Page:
Recently, a friend of mine brought to my attention an article that made the case that regular sunlight exposure might help us live longer. This topic seems to be of broad general interest, so I thought it worth including in this month’s paper.

For years, the dermatology community has been preaching sun avoidance. This is only natural given that much of a dermatologist’s job is focused on the prevention, detection and treatment of skin cancer. The science linking ultraviolet radiation to skin cancer is solid. Melanoma has also been very strongly linked to sun burns and tanning bed use. The case is clear that sun exposure causes skin cancer.

During my residency, my attendings had us read numerous articles on vitamin D. One of the strongest arguments put forth by the pro-tanning bed community and pro-sun exposure community was that avoidance of the sun could lead to vitamin D deficiency, which leads to rickets in children, osteoporosis in adults, and a likely higher incidence of autoimmune diseases, infectious diseases and possibly even a higher incidence of some non-skin cancers.

To many dermatologists, this argument seemed weak because vitamin D supplements are readily available, and it seemed that oral vitamins could simply replace the vitamin D that the sun helps provide. We could have our cake and eat it, too. Avoid the sun and take vitamin D supplements, and you’ll avoid skin cancer and avoid vitamin D deficiency.

But the plot thickens. Researchers found out that ultraviolet radiation stimulates nitric oxide production in the skin, which lowers blood pressure and may lead to a lower incidence of cardiovascular disease. Because cardiovascular disease kills more people than skin cancer, the argument was made that sun avoidance might have a net effect of hurting rather than helping. Once again, the argument was made that we could simply take medication designed to lower blood pressure.

So, now, we are avoiding the sun, taking vitamin D supplements and taking antihypertensive medication.

But uh oh, additional data suggests that sun light might change serotonin levels and improve mood and regulate circadian rhythms and assist with sleep. But that can be fixed with medication.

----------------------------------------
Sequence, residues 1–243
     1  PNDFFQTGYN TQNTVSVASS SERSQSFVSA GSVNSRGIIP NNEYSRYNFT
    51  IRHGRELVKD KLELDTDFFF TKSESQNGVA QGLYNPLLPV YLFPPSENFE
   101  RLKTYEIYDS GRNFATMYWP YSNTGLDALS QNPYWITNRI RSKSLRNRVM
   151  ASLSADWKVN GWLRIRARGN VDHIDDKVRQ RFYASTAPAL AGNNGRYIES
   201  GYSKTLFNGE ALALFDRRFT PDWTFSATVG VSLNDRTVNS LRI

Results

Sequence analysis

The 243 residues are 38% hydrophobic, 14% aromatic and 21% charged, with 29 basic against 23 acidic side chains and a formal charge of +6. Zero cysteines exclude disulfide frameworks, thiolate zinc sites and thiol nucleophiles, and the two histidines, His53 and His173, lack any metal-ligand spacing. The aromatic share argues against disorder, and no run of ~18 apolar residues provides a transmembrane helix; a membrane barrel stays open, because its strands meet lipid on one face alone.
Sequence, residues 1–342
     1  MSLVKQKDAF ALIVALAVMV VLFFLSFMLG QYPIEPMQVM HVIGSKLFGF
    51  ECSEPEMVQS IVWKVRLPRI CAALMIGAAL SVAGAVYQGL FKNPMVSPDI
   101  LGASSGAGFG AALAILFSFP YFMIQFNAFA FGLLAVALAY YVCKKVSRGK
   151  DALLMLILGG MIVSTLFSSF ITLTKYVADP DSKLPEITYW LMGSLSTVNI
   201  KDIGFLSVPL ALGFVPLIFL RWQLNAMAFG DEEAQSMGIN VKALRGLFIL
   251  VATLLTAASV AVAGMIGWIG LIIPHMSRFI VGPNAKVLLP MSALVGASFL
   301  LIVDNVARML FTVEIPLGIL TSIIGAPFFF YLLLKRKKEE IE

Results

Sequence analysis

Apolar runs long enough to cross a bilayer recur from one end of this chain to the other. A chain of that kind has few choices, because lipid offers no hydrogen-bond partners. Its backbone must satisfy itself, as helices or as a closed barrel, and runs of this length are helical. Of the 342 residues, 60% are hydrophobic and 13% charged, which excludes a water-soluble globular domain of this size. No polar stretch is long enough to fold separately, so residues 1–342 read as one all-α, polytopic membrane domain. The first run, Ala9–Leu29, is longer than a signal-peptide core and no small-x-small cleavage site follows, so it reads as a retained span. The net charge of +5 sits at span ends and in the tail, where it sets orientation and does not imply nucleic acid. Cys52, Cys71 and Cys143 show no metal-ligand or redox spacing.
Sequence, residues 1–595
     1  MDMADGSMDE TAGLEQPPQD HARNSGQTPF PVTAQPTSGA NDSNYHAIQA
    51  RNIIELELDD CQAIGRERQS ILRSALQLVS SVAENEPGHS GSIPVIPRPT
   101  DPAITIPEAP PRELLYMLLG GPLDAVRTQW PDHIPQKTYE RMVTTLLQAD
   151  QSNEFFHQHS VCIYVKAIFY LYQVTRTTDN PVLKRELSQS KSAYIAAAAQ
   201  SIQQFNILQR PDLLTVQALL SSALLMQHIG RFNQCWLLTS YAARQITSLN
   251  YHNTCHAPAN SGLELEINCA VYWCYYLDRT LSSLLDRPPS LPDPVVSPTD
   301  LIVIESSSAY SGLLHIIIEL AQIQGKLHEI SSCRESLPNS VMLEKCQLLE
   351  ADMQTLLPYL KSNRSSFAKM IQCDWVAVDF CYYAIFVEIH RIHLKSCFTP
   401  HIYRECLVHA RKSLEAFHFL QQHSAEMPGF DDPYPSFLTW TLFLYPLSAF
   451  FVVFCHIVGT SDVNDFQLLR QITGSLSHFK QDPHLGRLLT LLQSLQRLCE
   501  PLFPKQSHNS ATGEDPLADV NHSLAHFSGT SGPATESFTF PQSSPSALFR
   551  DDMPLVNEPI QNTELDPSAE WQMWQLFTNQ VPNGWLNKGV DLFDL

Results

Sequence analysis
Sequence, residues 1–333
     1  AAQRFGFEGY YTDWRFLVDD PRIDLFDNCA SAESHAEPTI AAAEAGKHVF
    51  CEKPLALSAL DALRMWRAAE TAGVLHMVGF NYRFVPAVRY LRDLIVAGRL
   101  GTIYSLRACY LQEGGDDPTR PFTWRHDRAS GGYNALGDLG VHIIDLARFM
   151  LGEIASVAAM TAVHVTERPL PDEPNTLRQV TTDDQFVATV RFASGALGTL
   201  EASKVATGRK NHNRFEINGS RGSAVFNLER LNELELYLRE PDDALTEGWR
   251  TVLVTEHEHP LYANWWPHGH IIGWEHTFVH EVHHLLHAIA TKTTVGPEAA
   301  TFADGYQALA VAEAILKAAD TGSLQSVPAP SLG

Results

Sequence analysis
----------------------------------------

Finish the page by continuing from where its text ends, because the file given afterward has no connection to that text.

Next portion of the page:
So, now, we are avoiding the sun, taking vitamin D supplements, anti-hypertensives, fluoxetine, and melatonin. But…..additional concerns keep arising – autoimmune, cancer-related, and more.

What is everyone to do?

In my opinion, the answer seems to be that we need to embrace personalized medicine and customize our recommendations for the individual. There are unbelievable variations between levels of UV radiation in Ireland vs equatorial Africa, and we cannot expect sun light recommendations for Irish and African descendants to be identical. This is not to say that general rules can’t be created. For example, avoid blistering sun burns seems like fairly safe advice no matter who you are. However, a one size fits all approach to sun exposure is likely not wise. And it is responsible to admit that there exists a body of data and arguments that support both positive and negative effects of sun exposure.

If a patient comes to me in his 70s riddled with skin cancers on his face and scalp, then wearing hats and sunscreen, at least on the face and scalp, seems sage advice. If a young patient develops a melanoma, then avoiding sun burns and erring on the side of less sun exposure rather than more seems prudent along with very regular self and professional skin exams. For someone with equatorial African genetics, avoidance of sun might be more harmful than helpful.  We just don’t know optimum doses of sun exposure, but ancestry likely informs us regarding optimum levels of sun exposure.

And who knows whether many of the positive health effects in those receiving a lot of sun came from active lifestyles and exercise. Many studies have not been able to convincingly control for exercise when quantifying health effects of sun exposure.

We likely do not need to have guilt from small amounts of sun exposure. Instead, we can enjoy the great outdoors, exercise, and the occasional ray of sun light, and we need to be honest with ourselves about our genetic heritage, our risk factors, what is hurting us, and make adjustments to fit our individual situations.

For professional dermatologic care that is personal and personalized, please consider Premier Dermatology and Mohs Surgery of Atlanta. It is our pleasure to serve you.

At Premier Dermatology and Mohs Surgery of Atlanta, it is our pleasure to meet your skin care needs. Board certified and fellowship-trained, Dr. Brent Taylor is a skin cancer, vein and aesthetic expert honored to be of service.

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